The Delhi High Court Tuesday directed the police not to take any coercive measure against Delhi Minorities Commission (DMC) Chairman Zafarul Islam Khan in the sedition case till June 22, his lawyer said.
Justice Manoj Kumar Ohri, who conducted hearing through video conferencing, also asked the police to give prior notice to Khan if called for investigation, his lawyer Vrinda Grover said.
Khan approached the high court seeking anticipatory bail in the sedition case lodged against him, citing his old age, health issues and risk of the coronavirus or COVID-19 infection.
The court asked Delhi Police to file a status report on the anticipatory bail plea and listed the matter for further hearing on June 22.
On April 28, Khan published through his official page on social media a post that allegedly had seditious and hateful comments.
On May 2, based on a complaint, the Delhi Police Special Cell lodged an FIR against Khan under Sections 124A and 153A of the Indian Penal Code (IPC) for the alleged offences of sedition and promoting feelings of hatred between different groups on the grounds of religion, race, place of birth, residence and language.
Khan sought anticipatory bail on the ground that he is a public servant and a senior citizen aged 72 years, who suffers from heart disease and hypertension and is highly susceptible to COVID-19 infection which can have fatal consequences for a person of his age and health condition.
In these circumstances there is an urgent need to grant him protection from arrest and coercive action in a frivolous and untenable case, in order to safeguard his liberty as the failure to do so will have irreversible consequences on his right to life, the petition filed through advocates Vrinda Grover, Ratna Appnender and Soutik Banerjee said.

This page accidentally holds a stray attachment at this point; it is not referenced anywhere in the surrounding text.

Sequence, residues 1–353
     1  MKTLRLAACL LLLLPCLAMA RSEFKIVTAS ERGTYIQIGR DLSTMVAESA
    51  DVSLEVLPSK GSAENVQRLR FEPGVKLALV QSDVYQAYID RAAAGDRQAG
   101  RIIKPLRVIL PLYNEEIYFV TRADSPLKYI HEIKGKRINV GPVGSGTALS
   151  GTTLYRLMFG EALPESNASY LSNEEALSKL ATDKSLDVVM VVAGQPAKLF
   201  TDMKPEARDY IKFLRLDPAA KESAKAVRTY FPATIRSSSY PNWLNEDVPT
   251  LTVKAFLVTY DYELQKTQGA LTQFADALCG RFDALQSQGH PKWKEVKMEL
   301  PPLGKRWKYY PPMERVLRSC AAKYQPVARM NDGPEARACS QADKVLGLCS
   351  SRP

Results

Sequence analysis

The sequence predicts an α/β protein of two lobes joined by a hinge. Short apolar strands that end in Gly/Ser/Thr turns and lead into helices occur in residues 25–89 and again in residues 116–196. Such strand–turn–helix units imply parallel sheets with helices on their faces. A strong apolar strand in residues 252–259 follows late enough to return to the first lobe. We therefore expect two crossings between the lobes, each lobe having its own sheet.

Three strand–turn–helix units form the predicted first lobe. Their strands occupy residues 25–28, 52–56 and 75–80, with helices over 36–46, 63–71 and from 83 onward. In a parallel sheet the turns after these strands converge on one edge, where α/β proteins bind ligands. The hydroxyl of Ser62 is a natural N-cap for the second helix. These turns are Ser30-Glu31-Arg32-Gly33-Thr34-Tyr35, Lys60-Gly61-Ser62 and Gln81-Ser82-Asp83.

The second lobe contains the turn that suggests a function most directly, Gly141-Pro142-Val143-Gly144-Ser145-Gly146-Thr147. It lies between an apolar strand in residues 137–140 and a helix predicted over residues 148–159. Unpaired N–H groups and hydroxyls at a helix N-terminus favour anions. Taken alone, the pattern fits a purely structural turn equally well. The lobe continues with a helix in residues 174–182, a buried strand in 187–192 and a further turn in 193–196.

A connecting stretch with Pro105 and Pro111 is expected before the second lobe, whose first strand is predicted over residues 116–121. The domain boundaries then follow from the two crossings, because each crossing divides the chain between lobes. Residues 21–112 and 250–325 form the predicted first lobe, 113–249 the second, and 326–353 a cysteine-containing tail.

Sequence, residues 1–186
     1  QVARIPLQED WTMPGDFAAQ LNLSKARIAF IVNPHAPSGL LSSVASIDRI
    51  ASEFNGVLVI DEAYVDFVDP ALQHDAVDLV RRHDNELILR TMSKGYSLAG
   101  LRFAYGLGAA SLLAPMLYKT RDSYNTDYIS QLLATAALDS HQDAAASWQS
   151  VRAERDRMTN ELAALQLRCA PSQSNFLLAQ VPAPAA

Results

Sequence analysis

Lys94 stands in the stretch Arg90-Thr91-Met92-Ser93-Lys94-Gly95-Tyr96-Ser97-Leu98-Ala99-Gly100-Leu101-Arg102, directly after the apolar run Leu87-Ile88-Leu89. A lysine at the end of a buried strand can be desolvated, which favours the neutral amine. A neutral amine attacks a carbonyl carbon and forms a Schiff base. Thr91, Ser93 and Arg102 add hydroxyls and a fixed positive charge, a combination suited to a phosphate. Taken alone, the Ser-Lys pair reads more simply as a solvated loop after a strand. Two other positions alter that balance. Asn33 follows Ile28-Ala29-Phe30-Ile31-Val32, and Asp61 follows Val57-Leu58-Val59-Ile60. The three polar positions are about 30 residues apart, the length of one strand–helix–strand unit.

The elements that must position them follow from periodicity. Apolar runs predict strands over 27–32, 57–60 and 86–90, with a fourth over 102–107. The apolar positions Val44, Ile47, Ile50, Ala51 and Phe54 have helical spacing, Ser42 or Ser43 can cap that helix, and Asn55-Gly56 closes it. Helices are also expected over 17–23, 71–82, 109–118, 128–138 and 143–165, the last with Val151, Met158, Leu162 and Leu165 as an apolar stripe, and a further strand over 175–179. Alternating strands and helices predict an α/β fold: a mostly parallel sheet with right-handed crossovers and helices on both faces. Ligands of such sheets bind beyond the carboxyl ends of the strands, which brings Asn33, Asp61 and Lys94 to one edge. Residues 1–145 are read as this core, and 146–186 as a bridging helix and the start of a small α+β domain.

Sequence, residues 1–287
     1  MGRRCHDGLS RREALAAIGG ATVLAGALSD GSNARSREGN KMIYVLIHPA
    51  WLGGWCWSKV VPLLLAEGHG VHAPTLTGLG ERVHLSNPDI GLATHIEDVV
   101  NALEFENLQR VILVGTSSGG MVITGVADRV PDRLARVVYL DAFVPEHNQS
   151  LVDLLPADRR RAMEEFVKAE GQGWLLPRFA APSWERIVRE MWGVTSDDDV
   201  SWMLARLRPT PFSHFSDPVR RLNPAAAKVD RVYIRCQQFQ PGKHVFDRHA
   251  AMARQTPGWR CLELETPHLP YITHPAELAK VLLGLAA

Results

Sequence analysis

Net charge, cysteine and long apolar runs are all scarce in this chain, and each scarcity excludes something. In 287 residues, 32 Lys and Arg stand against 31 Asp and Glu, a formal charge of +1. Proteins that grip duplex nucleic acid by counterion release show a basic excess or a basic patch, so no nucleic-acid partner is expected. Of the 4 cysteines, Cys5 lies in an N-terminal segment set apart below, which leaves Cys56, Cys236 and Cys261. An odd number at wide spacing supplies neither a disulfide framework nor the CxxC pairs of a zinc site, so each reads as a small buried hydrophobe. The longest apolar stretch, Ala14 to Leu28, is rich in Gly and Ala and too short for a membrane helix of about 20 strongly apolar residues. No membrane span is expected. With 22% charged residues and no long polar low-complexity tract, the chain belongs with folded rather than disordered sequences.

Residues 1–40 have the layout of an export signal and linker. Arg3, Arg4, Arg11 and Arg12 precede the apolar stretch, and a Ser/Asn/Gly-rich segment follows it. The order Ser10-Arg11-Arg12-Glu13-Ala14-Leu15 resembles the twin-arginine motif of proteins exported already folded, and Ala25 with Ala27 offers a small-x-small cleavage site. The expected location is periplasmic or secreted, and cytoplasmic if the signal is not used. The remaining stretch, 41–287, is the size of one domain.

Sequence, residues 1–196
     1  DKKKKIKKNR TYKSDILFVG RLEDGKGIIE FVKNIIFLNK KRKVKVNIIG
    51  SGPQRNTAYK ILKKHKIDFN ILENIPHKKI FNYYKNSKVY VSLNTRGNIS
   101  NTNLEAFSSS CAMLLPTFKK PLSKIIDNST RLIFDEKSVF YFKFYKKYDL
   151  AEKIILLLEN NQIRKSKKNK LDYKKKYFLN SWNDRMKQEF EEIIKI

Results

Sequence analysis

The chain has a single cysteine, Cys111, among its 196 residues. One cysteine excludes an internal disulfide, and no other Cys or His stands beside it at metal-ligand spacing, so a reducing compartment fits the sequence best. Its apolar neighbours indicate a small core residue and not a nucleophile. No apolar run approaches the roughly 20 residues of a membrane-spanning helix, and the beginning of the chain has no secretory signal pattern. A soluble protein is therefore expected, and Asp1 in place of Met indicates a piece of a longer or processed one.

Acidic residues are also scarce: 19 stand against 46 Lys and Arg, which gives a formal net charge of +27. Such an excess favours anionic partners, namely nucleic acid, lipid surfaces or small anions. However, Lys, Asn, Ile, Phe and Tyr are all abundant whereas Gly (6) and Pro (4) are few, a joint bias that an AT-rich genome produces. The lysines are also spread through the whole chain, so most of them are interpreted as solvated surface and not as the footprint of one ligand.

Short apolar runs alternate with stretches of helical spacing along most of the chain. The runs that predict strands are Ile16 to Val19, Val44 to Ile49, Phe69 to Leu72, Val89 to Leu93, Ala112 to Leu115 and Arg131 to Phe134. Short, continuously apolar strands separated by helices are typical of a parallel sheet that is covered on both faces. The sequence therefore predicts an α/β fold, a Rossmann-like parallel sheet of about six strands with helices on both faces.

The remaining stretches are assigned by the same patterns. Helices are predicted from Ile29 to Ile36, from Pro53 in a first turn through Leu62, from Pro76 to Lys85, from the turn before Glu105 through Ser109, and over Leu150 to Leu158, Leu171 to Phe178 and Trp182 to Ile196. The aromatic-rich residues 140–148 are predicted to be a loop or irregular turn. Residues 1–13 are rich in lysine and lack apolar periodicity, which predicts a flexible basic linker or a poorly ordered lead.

The plea has sought direction to the police that in the event of his arrest, he be immediately released on bail and that no coercive measures be taken against him. It also sought direction that Khan's laptop and mobile should not be seized.
The plea claimed that no offence has been committed by Khan and the FIR has been registered with a mala fide intention to harass and intimidate him.
It said the FIR against him was "misconceived, being made on a misrepresentation of facts and an erroneous, untenable reading of the law.
Khan claimed in the plea that his social media post was falsely reported, distorted and sensationalised out of context by certain sections of the media to embarrass him and to tarnish his stellar work that he has been doing as Chairman of the commission.
Alarmed that his social media post was being maliciously and knowingly distorted and false meanings and motives attributed to his words, the petitioner (Khan) responded through his social media posts dated April 29, 2020, and further on May 1, 2020, the petitioner elaborated on his original tweet and clarified the distortions and misrepresentations by sections of the media, the plea said.
It said that despite the clarifications, a communal and politically motivated misinformation campaign was orchestrated against Khan to undermine the good work done by him over 20 years.
After almost a week since registration of the FIR, Khan was not served with any legal notice for interrogation and on the evening of May 6, when he was settling down for Iftaar, a police team came to his residence and orally asked him to accompany them to the Cyber Cell Police Station, it said.
The plea added that police did not give any written notice to him as mandated under the CrPC.